DERIVATIVES
gullibility |ˌgələˈbilitē| noun.
gullibly |-blē| adverb
ORIGIN early 19th cent.: from gull2 + -ible.

Did you know “gullible” is not a word in the dictionary?

Word of the Day

Other

Mac Dictionary’s definition:

|ˈəT͟Hər|

adjective& pronoun
1 used to refer to a person or thing that is different or distinct from one already mentioned or known about: [ as adj. ] : stick the camera on a tripod or some other means of support | other people found her difficult | [ as pronoun ] : a language unrelated to any other.
• the alternative of two: [ as adj. ] : the other side of the page | [ as pronoun ] : flinging up first one arm and then the other | one or the other of them is bound to be a liar.
• those remaining in a group; those not already mentioned: [ as adj. ] : they took the other three away in an ambulance | [ as pronoun ] : Fred set off and the others followed.
2 further; additional: [ as adj. ] : one other word of advice | [ as pronoun ] : reporting three stories and rewriting three others.
3 (the Other) [ pronoun ] Philosophy & Sociology that which is distinct from, different from, or opposite to something or oneself.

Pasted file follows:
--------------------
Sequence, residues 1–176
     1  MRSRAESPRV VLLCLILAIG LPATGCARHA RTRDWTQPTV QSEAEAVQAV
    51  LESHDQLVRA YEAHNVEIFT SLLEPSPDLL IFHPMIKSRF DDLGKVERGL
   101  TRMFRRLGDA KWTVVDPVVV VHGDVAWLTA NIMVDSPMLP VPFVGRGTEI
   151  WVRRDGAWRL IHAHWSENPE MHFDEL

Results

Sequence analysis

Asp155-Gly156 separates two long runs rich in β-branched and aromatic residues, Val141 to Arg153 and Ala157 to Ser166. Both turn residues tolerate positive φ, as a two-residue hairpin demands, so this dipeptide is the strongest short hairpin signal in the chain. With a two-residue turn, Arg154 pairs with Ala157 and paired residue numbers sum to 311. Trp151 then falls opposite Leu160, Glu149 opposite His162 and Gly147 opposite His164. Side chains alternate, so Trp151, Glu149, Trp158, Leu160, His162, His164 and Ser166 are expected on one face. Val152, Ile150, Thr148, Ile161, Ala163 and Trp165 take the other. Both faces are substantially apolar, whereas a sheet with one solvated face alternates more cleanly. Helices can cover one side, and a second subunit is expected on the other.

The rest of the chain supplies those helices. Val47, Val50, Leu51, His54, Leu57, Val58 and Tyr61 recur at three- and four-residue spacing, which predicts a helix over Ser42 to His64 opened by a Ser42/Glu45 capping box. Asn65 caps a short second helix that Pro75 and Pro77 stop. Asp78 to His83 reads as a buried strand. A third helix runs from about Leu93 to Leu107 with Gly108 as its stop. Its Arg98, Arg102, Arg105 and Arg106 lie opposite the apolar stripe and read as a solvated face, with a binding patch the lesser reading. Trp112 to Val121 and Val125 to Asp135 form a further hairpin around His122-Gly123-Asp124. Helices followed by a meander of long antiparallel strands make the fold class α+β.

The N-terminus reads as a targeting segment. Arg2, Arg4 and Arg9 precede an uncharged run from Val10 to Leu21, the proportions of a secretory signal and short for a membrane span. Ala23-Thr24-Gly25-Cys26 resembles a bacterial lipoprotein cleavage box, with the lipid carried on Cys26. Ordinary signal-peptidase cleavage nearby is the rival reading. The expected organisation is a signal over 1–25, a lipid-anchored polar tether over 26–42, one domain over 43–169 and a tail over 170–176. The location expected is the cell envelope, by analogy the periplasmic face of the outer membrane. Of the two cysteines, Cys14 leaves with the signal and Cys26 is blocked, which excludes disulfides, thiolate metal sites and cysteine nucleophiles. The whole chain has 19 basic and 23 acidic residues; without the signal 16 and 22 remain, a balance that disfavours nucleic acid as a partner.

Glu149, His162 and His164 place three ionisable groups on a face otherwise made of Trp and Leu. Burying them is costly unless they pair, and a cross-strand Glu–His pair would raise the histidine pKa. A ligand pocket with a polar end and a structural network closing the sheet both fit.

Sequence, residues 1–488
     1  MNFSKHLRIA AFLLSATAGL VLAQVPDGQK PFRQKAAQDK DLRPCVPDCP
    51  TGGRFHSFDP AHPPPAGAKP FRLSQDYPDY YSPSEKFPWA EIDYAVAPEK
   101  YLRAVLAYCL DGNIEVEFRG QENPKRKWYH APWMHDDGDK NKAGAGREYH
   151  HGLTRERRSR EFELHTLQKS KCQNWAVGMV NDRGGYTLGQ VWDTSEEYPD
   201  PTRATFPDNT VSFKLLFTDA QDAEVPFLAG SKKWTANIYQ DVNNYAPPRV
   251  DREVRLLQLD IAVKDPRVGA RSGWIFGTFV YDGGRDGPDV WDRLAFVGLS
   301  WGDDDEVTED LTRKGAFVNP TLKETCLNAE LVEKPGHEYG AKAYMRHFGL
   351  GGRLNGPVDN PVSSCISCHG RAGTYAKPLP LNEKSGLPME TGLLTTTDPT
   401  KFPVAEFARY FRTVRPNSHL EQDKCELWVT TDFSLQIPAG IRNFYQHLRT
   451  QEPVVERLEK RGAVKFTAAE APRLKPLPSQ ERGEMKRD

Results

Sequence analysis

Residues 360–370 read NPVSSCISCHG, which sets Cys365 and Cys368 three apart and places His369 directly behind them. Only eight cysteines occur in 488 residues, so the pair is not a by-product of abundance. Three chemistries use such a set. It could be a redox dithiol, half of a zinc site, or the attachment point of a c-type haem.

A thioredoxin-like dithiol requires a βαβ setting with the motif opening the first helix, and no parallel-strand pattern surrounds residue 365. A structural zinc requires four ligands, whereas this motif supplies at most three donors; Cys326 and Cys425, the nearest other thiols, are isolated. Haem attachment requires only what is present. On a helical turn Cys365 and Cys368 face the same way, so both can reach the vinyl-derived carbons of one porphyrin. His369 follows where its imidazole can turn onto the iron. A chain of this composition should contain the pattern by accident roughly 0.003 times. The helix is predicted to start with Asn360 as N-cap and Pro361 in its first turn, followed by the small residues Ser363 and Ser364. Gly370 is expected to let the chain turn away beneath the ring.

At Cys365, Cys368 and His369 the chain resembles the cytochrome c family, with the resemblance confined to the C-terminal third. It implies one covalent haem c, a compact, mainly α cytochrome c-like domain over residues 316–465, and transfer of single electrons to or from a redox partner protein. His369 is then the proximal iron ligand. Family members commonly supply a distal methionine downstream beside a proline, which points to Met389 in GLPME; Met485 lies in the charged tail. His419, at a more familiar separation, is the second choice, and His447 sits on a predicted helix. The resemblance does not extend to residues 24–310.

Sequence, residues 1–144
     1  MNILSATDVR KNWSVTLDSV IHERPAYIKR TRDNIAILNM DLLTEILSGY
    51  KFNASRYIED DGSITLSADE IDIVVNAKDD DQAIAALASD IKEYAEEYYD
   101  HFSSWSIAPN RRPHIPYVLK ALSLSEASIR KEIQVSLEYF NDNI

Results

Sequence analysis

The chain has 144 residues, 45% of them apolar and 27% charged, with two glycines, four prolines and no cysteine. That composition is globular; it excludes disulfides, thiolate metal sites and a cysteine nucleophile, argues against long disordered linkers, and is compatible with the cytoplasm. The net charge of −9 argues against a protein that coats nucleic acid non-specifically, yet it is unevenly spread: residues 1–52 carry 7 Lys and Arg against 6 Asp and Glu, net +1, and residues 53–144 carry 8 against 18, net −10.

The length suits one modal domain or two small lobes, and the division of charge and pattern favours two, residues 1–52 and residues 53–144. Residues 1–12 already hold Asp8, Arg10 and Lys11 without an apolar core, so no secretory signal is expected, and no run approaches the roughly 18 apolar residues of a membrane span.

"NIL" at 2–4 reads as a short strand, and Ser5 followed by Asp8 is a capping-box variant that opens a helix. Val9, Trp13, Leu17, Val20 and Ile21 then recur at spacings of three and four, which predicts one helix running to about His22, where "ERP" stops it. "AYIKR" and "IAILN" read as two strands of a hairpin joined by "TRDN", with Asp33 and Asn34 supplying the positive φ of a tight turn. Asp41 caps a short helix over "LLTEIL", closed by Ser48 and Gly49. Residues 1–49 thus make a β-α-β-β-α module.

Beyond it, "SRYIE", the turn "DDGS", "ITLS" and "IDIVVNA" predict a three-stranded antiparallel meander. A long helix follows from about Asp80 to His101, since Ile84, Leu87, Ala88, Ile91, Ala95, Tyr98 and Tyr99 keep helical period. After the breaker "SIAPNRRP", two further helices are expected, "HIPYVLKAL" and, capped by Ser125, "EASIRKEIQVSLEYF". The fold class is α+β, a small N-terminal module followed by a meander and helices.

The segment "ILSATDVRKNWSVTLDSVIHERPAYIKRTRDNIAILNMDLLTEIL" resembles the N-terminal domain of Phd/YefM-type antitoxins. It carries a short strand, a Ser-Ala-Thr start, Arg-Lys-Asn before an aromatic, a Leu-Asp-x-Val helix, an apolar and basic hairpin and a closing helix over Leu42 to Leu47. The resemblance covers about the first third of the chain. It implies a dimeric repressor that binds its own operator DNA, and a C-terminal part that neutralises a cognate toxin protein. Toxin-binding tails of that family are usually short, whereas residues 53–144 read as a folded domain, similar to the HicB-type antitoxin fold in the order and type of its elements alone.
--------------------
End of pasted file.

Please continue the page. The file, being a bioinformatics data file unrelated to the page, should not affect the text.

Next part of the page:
verb [ with obj. ]
view or treat (a person or group of people) as intrinsically different from and alien to oneself: a critique of the ways in which the elderly are othered by society.

PHRASES
no other archaic nothing else: we can do no other.
other than [ with negative or in questions ] apart from; except: he claims not to own anything other than his home. • differently or different from; otherwise than: there is no suggestion that we are to take this other than literally.
on the other hand see hand.
the other day (or night, week, etc.)a few days (or nights, weeks, etc.) ago.
someone (or something or somehow, etc.) or other some unspecified or unknown person, thing, manner, etc. (used to express vagueness or uncertainty): they were protesting about something or other.

ORIGIN Old English ōther, of Germanic origin; related to Dutch and German ander, from an Indo-European root meaning ‘different.’

Who’s your other?

Word of the Day

Partly

 |ˈpärtlē|

adverb
to some extent; not completely: the result is partly a matter of skill and partly of chance | you’re only partly right.

When was the last time you were only partly sure about something?